Follow
Share
This question has been closed for answers. Ask a New Question.
What can be done by MERP (estate recovery) will very much be interdependent on your states probate laws, property rights, etc. If you get Medicaid for a long term service (not just NH stays) and over 55, then your state Medicaid program is required to attempt to do a recovery or recoup. The program has all sorts of exemptions and exclusions and it is up to family or heirs to get the documentation together and submit to get them. Now just how probate is done can also make a huge difference - some states allow MERP to place a lien; other states its a claim and within that your state could be a Level of Claim state so if MERP is a Class 7 claim and there are others ahead in Classes 1 -6, they get paid first.

MERP is limited to recover only what the real $ is for the estate. Usually they only have their home. Recovery is limited to whatever it sells for less any other claims. Family doesn;t have to sell property either. There is someone on this site that settled with HMS for 4K to get MERP done as the property was modest and she had over 50% of value in documented valid expenses on the house but it took about 2 years to do. A low value home with exemptions, exclusions or others claims may not meet the required cost-effectiveness for the state (or the states contractors like PNG or HMS) to go after the recovery.

Also just because there is a lien on the property doesn't mean that it has to be sold. Folks own property with judgements, liens, etc on them all the time. There is a train of thought, that you just wait out the statute of limitations on the states claim. You pay taxes to keep it from going to tax sale but other than that do nothing. There is someone on this site who is doing this approach for a property in NYS and he is in it for the long haul. The state is really not set up to deal with old, with decades of delayed maintenance old folks homes. Its a hard-ball approach and with risk. Also if you go probate, that too has situations where the judge could dismiss the MERP claim - this happens frequently in FL against MERP there. I've found that MERP since it's relatively new is constantly morphing with what states are doing. States are more & more outsourcing the MERP process and the contractors seem to do this from aggressive debt collectors playbook - now most folks don't deal well with debt collectors and their hounding but if you're gutsy and stuff like that is not an issue / doesn't get under your skin, then dealing with MERP is just another day.

But whatever the long term plan is, one issue that is overlooked is that once the elder who owns the property goes onto Medicaid, is that they are required to do a co-pay or SOC (share of cost) to the facility of all their income less a small personal needs allowance (ranges from $ 35 - $ 105 a mo). So they will have zero - nada - zilch of their $ to ever pay on anything on the house from now till death and beyond to probate or the property transfer process. Family will have to pay for all and without a guarantee of ownership so runs a risk. A house still with a mortgage may be not affordable for years & years as so much legally required due to mortgage. To me keeping their home is a lot like having a 2nd or 3rd home and for most that is totally not financially an option.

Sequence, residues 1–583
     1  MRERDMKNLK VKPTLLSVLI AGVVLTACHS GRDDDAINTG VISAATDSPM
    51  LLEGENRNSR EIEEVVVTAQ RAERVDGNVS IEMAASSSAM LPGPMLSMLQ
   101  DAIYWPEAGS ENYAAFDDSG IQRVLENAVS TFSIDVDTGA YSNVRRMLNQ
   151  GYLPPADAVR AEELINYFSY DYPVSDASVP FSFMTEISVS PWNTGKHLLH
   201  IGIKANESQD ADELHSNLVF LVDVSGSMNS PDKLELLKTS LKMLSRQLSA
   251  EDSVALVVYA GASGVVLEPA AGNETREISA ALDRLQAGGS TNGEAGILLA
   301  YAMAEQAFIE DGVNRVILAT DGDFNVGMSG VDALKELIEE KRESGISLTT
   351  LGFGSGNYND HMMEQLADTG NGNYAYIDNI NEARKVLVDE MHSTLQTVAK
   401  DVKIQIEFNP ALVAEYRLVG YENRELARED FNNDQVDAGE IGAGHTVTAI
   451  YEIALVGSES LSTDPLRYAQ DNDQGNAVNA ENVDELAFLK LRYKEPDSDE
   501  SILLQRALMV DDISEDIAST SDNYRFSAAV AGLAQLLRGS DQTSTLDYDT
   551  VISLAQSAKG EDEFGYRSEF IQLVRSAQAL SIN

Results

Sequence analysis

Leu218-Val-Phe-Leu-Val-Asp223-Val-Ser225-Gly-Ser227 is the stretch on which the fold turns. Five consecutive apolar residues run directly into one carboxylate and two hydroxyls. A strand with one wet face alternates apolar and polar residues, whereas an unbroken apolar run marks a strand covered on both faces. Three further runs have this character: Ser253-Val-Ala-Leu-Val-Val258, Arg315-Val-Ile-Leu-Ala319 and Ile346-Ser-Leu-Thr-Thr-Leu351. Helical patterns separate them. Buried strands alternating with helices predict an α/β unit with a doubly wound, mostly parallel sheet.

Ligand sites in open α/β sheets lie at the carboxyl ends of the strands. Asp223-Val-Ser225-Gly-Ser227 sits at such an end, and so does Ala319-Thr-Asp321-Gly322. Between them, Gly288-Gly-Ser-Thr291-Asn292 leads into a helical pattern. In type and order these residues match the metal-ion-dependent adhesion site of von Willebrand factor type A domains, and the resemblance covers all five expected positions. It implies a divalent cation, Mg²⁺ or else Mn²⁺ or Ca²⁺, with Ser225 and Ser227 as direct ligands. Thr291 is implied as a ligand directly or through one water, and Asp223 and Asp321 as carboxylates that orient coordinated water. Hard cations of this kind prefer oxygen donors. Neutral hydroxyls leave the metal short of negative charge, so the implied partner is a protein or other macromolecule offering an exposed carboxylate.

Helpful Answer (1)
Report

Look up probate rules for your state. The Executor has to pay all bills against the estate and sometimes the funeral alone can be $10K. Unless there are savings, things have to be sold, lawyers have to paid, property taxes etc. Usually a Will says "After all the bills are paid, I bequeath the following...."
Helpful Answer (1)
Report

The typical scenario is that there is recovery after the death of a Medicaid recipient who is over 55. A lien will be put on the house. When it is sold, the recovery team will take whatever money is owed. If there is anything left over, it will go to the estate. There are some exceptions that are considered when it comes to recovery, such as is the community spouse living there, is a long-term caregiver living there, are dependent children living there, will it create an undue hardship... You can check to see if the house may be covered by the different exceptions and if your state gives up the title outright or gives a life estate. As you can tell, you asked a complex question.
Helpful Answer (1)
Report

It's my understanding that Medicaid can put a lien on a house, even if you are an heir to that house in a Will. There are some exceptions, you would need to contact the State Medicaid office as not all States have the same rules and regulations.
Helpful Answer (1)
Report

This question has been closed for answers. Ask a New Question.